Healthiest Foods You Can Get

Here are some of the Healthiest Foods You Can Get…  Enjoy

This will help you get an idea about what foods are the best for your body.

Fruit

Apricots

Apricots contain Beta-carotene which helps to  prevent radical damage and also helps to protect the eyes.  A single apricot contains 17 calories,  0 fat, and one gram of fiber.  You can eat them dried or soft. Very seasonal, so enjoy them while you can.

Mango

A medium sized mango packs 57 MG of vitamin C,  which is nearly your entire daily dose.  This antioxidant will help prevent arthritis and also boost your immune system.  Not to mention that mango is a delicious fruit!

Cantaloupe

Cantaloupes contain 117 GG of vitamin C, which is almost twice the recommended dose.  Half a melon contains 853 MG of potassium, which is nearly  twice as much as a banana, which helps to lower blood pressure.  Half a melon contains 97 calories,  1 gram of fat, and 2 grams of fiber. A readily available treat.

Tomato

A tomato can help cut the risk of bladder, stomach, and colon cancers in half if you eat one daily.  A tomato contains 26 calories, 0 fat, and only 1 gram of fiber.  Practically a staple in every household, and rightly so.

Vegetables

Onions

An onion can help to protect against cancer.  A cup of onions offers 61 calories, 0 fat, and 3 grams of fiber.  From the same family as garlic, but without the pungent smell.

Broccoli

Broccoli can help protect against breast cancer,  and it also contains a lot of vitamin C and beta- carotene.  One cup of chopped broccoli contains 25 calories, 0 fat, and 3 grams of fiber.  Easy to add to stir fry dishes.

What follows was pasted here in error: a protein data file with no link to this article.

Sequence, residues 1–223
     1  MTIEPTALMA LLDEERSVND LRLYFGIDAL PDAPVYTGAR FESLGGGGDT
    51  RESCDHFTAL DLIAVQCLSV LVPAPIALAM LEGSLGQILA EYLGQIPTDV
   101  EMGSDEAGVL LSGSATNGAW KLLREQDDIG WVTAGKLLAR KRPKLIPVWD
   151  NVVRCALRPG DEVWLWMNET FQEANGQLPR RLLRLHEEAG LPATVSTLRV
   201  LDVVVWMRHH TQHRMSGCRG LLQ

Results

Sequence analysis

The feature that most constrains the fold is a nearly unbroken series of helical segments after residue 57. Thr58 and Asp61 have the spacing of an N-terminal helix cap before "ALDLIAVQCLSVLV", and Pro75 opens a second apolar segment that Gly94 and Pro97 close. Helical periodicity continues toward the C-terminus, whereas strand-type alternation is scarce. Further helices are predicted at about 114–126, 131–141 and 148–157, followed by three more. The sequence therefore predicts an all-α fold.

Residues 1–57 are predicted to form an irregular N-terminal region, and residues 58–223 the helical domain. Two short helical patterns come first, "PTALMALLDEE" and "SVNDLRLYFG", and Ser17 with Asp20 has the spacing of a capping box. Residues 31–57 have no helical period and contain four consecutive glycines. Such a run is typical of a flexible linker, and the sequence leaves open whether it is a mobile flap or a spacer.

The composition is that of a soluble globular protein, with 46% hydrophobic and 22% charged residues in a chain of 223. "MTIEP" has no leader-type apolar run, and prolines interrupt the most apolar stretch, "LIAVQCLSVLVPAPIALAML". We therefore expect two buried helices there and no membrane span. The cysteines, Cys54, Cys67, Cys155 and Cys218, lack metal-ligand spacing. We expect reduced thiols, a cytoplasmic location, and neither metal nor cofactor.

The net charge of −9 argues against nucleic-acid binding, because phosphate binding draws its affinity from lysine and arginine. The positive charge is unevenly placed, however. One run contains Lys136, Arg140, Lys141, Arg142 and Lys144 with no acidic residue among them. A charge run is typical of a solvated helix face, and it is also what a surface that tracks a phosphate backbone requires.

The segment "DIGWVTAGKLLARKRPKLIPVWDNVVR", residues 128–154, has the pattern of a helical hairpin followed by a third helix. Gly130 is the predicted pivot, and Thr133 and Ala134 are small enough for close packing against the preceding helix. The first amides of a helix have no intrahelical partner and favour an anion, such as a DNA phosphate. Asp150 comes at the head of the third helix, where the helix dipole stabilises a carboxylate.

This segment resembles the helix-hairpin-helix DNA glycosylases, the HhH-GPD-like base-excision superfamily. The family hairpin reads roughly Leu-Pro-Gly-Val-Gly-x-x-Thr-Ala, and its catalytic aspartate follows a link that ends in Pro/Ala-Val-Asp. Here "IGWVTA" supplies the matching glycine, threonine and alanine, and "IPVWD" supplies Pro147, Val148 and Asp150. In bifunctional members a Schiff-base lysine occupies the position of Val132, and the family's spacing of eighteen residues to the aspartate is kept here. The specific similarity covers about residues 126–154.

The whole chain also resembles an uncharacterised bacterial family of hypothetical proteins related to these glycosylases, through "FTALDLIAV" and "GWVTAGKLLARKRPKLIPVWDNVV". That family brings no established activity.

Spinach

Spinach contains carotenoids that can help fend off macular degeneration, which is a major cause of blindness in older people.  One cup contains  7 calories, 0 fat, and 1 gram of fiber.  Try adding to lasagne.

Nuts and Beans

Peanuts

Peanuts and other nuts can lower your risk of heart disease by 20 percent.  One ounce contains 166 calories, 14 grams of fat, and over 2 grams of fiber.  Beware of peanut allergies!

Pinto beans

A half cut of pinto beans offers more than 25  percent of your daily folate requirement, which  protects you against heart disease.  Half a cup contains 103 calories, 1 gram of fat, and 6 grams of fiber.

Skim milk

Skim milk offers vitamin B2, which is important for good vision and along with Vitamin A could improve allergies.  You also get calcium and vitamin D as well.  One cup contains 86 calories, o fat, and 0 fiber.

Seafood

Salmon

All cold water fish such as salmon, mackerel, and  tuna are excellent sources of omega 3 fatty acids,  which help to reduce the risk of cardiac disease. A 3 ounce portion of salmon contains 127 calories, 4 grams of fat, and 0 fiber.  Wild caught is best.

Crab

Crab is a great source of vitamin B12 and immunity boosting zinc.  A 3 ounce serving of crab offers  84 calories, 1 gram of fat, and 0 fiber.  A little difficult to eat, but worth it.


“Health A to Z” – S

The Letter S.

Salmon

When choosing salmon select those which have been wild caught. Salmon is salmon an excellent source of omega-3 fatty acids, vitamin D, and selenium. It is also a very good source of protein, niacin and vitamin B12 and a good source of phosphorus, magnesium and vitamin B6.

Salt

Salt is essential to life. Select a natural salt (like hand harvested French Salt) which contains trace minerals and

Salt Harvesting by Hand
Salt Harvesting by Hand

no aluminium silicate – an anti-caking agent found in regular salt. (Aluminium has been linked to increased risk of Alzheimer’s disease.).  Natural salt should be unbleached, unrefined and not laced with harmful chemical additives. Salt is vital to the interplay of fluids in and out of our cells. Salt regulates the water content in our cells where the water cleanses and allows toxins to be extracted.